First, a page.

ALBANY - After state auditors found $750,000 in red ink, Suffolk Off-Track Betting Corp. Thursday took the first step toward filing for bankruptcy so the agency can reorganize and continue with a scaled-down operation.
Suffolk would become the second of the state's OTBs to declare bankruptcy after New York City's betting agency went out of business last year.
The move comes after an audit by the Racing and Wagering Board -- the state agency with oversight of OTBs -- found mismanaged accounts, a $750,000 operating deficit and missing records, said two people with knowledge of the audit. The state board recommended that Suffolk OTB file for bankruptcy, the people said.
Suffolk OTB still has $2.4 million in reserve accounts to pay off winning bettors, the audit found. Suffolk officials say they have no intention of closing or stopping payments to vendors and bettors. "I'm not choosing to shut down," said Suffolk OTB president Jeff Casale.
Casale said he had not seen a written audit report and could not comment on its findings.
The OTB's board of directors Thursday authorized the agency to file for Chapter 9 bankruptcy, which local government entities can use to reorganize. The Suffolk Legislature must approve the move at its meeting on Thursday before the case can go to court.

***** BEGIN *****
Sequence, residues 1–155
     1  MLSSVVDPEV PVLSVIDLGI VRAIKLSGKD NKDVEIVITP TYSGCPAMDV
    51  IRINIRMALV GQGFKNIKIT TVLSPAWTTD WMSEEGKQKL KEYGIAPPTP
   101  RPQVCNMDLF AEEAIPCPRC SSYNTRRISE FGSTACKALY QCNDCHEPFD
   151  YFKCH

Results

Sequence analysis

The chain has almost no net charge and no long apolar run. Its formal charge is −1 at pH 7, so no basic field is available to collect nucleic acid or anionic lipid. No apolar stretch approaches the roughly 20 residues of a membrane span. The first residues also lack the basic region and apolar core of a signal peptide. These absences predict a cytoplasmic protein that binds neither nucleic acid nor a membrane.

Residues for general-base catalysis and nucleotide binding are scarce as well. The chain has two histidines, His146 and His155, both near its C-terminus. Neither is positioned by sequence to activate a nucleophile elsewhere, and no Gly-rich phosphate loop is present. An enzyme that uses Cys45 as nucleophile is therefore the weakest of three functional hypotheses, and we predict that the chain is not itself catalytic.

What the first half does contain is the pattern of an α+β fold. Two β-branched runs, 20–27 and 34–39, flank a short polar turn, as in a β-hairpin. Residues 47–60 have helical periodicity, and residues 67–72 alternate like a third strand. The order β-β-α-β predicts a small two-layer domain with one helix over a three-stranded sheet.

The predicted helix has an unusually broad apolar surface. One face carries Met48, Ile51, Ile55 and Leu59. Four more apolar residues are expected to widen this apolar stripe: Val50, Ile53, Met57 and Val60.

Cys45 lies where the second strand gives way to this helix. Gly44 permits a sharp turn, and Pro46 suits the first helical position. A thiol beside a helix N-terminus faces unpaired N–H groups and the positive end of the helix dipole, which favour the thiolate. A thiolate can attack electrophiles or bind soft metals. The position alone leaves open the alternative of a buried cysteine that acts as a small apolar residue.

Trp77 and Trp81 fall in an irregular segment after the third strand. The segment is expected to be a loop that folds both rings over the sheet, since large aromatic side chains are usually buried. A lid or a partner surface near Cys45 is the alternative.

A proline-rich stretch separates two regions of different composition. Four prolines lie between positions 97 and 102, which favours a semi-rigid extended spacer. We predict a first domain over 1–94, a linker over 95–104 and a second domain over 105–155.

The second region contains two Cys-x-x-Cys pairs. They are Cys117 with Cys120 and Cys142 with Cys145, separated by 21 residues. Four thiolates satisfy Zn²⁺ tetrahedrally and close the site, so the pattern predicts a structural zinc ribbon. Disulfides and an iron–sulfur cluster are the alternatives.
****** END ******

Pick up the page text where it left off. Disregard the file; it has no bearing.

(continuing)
Casale said the agency's handle -- the industry term for bets placed - has declined by $50 million at its 12 locations over the past five years, to $139 million last year. Casale also said Suffolk OTB has faced increasing payments to tracks for broadcast rights. He said cash-flow problems have caused late payments of several million dollars in bills to state tracks.
"At some point, you have to make the judgment, do you have enough cash to continue," he said. "Our determination is that we have enough cash on hand to continue right now, but survival is getting tighter and tighter."
The Racing and Wagering Board had been monitoring Suffolk's operations for nearly a year and sent a team of auditors there this week.
In a statement, board chairman John Sabini said Suffolk and other regional OTBs for years were urged to consolidate services such as Internet gambling and television channels. The OTBs have resisted such moves, he said. "They've refused to economize and with the resulting down economy and down handle, we're seeing the results now in Suffolk," Sabini said.
The OTB's payments to the county have decreased over the years, falling to less than $1.8 million last year from $3.1 million in 2006.